Muslims join battle to stop new mosque

More than 200 people, including members of the Muslim community, joined forces at a packed public meeting to fight controversial plans for a new mosque in Walsall. People living near the planned mosque at the former Hertz Rent-A-Car and Autocrash Repair Centre, in St John’s Road, Pleck, were joined by Muslims from the area in opposing the scheme. Residents say dozens more cars would be brought on to an already busy road if the current proposals are given the go-ahead by Walsall Council planners. Representatives of an existing mosque in nearby Woodward Road said there are already enough mosques in the area. A meeting last night at Pleck Working Men’s club, next to the proposed site in Scarborough Road, resolved a committee would be set up to campaign against the application. Pat Etchells, aged 57, from Darlaston Road, said: “There are already parking problems here and we are going to have a red route down the road soon. “I am concerned about access for the emergency services as much as anything, with Walsall Manor just a short distance away.” Sue Hayward, who also lives nearby, said: “It’s not a large piece of land and certainly not big enough for all the cars there will be there.”

Full-text article continues here. (Some news sites may require registration)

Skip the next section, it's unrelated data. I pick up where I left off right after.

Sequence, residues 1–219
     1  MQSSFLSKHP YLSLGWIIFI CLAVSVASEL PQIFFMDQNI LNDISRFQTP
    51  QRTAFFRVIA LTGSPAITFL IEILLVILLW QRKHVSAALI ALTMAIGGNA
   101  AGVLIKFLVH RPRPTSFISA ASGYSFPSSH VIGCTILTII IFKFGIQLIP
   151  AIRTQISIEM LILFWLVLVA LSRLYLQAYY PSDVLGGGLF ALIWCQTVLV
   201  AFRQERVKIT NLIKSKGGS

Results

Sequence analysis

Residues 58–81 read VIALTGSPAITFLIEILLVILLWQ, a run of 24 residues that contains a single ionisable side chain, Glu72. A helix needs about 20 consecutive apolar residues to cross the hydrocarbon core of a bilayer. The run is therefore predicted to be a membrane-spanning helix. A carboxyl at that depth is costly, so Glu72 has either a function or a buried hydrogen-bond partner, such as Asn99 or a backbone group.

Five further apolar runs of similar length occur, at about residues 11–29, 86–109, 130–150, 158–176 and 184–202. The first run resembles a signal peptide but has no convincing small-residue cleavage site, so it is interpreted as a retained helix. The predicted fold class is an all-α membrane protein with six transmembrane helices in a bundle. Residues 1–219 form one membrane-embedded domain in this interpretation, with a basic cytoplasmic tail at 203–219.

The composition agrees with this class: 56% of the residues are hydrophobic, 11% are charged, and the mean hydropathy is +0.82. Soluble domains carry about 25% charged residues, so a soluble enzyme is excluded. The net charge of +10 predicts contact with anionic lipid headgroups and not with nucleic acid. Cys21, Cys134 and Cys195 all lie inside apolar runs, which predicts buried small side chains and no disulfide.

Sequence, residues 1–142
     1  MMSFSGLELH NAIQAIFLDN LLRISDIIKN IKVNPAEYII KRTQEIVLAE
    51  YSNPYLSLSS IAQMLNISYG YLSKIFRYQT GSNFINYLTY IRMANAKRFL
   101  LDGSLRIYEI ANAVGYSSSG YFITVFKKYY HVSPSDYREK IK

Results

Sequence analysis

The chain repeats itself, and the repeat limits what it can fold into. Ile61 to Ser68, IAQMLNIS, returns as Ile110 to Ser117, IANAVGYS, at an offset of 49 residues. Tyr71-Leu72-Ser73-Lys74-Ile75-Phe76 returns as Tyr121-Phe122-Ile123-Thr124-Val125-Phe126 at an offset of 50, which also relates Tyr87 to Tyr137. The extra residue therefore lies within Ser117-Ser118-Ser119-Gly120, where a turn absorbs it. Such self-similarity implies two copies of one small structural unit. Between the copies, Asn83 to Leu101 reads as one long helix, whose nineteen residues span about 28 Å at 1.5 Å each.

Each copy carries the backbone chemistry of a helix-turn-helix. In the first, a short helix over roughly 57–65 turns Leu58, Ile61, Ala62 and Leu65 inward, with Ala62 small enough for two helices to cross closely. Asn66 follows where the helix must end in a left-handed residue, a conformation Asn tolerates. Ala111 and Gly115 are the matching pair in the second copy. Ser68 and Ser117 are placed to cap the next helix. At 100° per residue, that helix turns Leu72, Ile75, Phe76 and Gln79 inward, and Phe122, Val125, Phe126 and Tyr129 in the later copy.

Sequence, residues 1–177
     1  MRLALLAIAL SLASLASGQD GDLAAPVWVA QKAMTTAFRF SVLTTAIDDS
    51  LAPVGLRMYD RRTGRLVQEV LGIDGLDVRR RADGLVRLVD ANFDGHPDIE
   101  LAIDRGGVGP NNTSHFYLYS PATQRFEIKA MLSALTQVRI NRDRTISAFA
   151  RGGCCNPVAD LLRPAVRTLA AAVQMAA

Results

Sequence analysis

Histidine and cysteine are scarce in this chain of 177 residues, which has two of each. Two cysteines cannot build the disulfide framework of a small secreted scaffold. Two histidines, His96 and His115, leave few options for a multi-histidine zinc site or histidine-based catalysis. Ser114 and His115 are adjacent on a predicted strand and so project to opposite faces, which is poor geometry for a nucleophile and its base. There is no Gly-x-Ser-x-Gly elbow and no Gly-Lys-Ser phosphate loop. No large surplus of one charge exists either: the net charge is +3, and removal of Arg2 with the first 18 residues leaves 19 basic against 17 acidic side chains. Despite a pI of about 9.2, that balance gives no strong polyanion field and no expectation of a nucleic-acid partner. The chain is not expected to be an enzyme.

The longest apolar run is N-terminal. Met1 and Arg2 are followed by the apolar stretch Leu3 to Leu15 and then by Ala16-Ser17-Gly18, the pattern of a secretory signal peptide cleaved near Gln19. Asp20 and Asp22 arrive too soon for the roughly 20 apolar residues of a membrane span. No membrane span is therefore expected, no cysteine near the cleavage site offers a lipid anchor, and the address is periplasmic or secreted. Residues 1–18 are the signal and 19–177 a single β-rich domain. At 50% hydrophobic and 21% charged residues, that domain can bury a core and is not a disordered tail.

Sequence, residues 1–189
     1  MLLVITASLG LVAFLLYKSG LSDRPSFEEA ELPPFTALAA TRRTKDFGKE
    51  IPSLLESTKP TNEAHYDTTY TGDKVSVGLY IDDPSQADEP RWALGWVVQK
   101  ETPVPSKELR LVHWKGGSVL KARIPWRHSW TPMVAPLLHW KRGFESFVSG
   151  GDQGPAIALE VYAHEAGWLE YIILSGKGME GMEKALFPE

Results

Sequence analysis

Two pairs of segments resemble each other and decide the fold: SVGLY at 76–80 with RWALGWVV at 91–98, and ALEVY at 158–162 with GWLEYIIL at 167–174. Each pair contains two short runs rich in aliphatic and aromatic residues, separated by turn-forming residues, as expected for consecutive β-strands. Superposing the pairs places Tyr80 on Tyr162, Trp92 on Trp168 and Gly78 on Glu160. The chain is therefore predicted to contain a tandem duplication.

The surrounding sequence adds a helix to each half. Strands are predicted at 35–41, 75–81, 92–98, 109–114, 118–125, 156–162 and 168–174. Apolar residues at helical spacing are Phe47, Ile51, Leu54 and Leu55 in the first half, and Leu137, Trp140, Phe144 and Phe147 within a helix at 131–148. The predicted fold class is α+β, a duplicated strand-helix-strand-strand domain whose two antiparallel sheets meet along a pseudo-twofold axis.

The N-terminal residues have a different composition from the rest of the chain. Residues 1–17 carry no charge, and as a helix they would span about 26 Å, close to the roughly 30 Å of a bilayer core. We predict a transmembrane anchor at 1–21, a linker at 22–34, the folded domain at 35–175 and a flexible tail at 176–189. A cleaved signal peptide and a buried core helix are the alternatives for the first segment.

Lawyer Calls Maryland Town’s Decision to Bar Muslim Group From Gatherings ‘Discriminatory’

A decision barring an American Muslim group from holding large national gatherings in a rural Maryland town has been called discriminatory, a lawyer specializing in religious rights argued. A zoning appeals board in the town of Walkersville voted unanimously to deny the Ahmadiyya Muslim Community permission to use area farmland for religious purposes. The board’s decision is irrational and discriminatory said Roman Storzer, attorney for the group. This conflict has been defined from day one by a desire to keep a Muslim group out of the area said Walkersville Mayor Ralph Whitmore. The Ahmadis had hoped to establish a small mosque on the site for regular use by about 20 nearby families, and hoped to also build two gymnasiums for use during conventions and recreation.